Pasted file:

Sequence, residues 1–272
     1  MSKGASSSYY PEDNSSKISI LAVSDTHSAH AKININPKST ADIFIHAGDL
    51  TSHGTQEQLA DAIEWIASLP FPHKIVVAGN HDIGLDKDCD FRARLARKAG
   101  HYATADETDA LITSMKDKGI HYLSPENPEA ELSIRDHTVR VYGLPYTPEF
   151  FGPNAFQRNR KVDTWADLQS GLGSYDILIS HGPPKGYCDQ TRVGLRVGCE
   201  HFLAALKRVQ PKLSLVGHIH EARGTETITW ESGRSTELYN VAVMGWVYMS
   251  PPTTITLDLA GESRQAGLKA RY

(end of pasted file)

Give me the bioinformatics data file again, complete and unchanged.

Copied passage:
Sequence, residues 1–272
     1  MSKGASSSYY PEDNSSKISI LAVSDTHSAH AKININPKST ADIFIHAGDL
    51  TSHGTQEQLA DAIEWIASLP FPHKIVVAGN HDIGLDKDCD FRARLARKAG
   101  HYATADETDA LITSMKDKGI HYLSPENPEA ELSIRDHTVR VYGLPYTPEF
   151  FGPNAFQRNR KVDTWADLQS GLGSYDILIS HGPPKGYCDQ TRVGLRVGCE
   201  HFLAALKRVQ PKLSLVGHIH EARGTETITW ESGRSTELYN VAVMGWVYMS
   251  PPTTITLDLA GESRQAGLKA RY